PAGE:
So, Tenney, thank you for being such a son-of-a-bacon-bit that the trust in the American Girl brand suffered. Way to be you, girl.
It does require a short synopsis of the events of the previous books to truly review the 4th.
From his introduction, Tenney and Logan have had an extremely contentious relationship. And it has seemed like almost all of that contention has been on Tenney’s part. She’s bratty in every area of her life, but something about Logan brings it out like nothing else. In the first book, Tenney tries out for a record label at the Bluebird Cafe. She doesn’t make the cut. The owner of the label feels that she is just too inexperienced and immature to be signed yet. She essentially throws a hissy fit, and because of that fit, the record label owner gives in to her, agreeing to not sign her, but to be her “manager” while she grows into her full musical ability, on the condition that she work with 14-year-old Logan, who he has been mentoring for a while. Tenney (12) is spitting tacks she’s so angry that she has to be part of a Duo, because she thinks she’s good enough to just be an acoustic act with her guitar. Whatever, girl. So that’s her beef with Logan. It is unrelenting for the first 3 books. And she can be downright nasty to him, and by nasty, I really mean verbally abusive. Then, if he snaps back at her she squeals like a little Chihuahua all the way home to mommy and daddy to explain how horrible Logan is, to which they say “Oh honey, we’re so sorry. Just remember that Zane (Record label owner) wants you guys to work together to prove you are mature enough to sign with him, maybe he’s testing your maturity by making you work with with Logan.”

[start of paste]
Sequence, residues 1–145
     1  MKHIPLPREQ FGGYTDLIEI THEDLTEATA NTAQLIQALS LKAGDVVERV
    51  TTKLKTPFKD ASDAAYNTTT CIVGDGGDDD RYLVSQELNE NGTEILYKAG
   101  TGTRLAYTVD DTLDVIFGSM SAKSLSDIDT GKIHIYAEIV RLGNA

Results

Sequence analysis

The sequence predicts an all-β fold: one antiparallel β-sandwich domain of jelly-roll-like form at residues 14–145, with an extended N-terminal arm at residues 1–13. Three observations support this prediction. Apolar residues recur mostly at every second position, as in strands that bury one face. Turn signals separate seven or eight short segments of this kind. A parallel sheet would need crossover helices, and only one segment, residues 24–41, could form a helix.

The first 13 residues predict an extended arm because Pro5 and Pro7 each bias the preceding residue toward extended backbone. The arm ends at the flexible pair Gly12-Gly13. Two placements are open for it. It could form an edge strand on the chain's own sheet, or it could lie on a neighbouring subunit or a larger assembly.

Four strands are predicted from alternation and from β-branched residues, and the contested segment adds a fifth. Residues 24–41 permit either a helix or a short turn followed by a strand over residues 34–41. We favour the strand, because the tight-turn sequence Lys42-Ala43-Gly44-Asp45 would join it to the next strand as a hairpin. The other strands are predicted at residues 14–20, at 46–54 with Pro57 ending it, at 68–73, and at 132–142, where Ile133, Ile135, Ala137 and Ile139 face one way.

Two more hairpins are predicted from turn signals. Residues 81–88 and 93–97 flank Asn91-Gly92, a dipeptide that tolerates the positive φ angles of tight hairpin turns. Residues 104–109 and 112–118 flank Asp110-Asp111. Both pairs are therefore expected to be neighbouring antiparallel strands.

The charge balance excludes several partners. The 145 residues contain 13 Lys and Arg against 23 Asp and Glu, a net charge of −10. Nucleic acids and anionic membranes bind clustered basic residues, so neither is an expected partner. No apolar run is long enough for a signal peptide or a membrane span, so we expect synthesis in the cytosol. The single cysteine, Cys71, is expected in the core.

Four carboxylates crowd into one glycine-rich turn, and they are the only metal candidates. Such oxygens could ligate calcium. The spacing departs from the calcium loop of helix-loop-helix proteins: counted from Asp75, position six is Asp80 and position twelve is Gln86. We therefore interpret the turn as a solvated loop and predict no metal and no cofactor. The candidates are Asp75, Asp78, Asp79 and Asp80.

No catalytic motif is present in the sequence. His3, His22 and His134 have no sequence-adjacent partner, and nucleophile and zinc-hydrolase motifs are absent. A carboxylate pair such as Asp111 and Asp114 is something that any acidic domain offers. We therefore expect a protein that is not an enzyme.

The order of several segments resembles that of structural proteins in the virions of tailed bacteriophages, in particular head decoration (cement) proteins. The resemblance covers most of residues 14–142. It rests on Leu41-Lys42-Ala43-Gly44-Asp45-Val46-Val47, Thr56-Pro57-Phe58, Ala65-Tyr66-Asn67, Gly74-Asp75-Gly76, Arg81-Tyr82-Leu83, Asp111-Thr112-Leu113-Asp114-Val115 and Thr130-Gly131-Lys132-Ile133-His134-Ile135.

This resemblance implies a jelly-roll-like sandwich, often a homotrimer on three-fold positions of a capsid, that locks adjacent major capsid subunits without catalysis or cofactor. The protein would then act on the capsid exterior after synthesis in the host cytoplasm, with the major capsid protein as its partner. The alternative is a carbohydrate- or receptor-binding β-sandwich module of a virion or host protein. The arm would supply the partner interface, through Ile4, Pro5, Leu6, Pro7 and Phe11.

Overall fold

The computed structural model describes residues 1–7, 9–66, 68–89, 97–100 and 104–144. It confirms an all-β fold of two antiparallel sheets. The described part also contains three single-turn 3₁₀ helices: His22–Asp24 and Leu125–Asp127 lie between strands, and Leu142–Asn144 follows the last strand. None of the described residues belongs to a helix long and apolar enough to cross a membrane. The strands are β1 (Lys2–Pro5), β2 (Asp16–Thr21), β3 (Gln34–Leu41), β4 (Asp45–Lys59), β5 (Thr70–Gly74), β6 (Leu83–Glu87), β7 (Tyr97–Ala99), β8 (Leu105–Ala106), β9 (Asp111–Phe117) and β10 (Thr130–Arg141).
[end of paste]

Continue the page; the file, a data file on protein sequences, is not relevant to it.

Basically, Tenney is the emotional twin of Little House on the Prairie’s Nellie Oleson. Except she’s supposed to be the hero, not the villain. It’s not a comfortable experience.